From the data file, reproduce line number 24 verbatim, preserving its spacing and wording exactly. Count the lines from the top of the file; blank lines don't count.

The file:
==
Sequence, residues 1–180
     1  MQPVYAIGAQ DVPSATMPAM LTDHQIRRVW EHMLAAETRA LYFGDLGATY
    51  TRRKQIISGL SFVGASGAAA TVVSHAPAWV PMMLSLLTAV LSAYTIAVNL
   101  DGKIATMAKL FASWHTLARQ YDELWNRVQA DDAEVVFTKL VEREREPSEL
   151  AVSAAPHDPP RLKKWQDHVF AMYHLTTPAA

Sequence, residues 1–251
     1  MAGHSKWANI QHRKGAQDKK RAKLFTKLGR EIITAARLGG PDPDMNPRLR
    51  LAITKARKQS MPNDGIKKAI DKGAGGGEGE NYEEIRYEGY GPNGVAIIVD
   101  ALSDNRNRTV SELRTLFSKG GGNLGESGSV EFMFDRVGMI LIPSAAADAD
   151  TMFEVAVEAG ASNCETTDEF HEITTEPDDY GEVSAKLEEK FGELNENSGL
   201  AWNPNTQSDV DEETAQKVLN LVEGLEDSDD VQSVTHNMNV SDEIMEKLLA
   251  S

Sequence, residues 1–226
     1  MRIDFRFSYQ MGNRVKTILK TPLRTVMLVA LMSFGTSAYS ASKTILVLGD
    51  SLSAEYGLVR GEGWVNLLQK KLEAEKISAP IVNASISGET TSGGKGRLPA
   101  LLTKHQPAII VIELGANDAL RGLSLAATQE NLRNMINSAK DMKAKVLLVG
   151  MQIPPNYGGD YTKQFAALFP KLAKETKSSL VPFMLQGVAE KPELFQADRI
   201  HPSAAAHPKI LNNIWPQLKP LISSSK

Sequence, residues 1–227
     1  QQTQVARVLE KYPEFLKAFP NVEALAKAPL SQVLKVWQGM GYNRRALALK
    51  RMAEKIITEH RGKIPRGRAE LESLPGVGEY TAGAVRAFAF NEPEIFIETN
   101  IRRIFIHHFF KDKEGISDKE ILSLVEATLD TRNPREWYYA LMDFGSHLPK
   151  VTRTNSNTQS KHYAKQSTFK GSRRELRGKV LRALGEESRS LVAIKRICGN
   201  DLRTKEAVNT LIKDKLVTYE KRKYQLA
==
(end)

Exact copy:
   201  DLRTKEAVNT LIKDKLVTYE KRKYQLA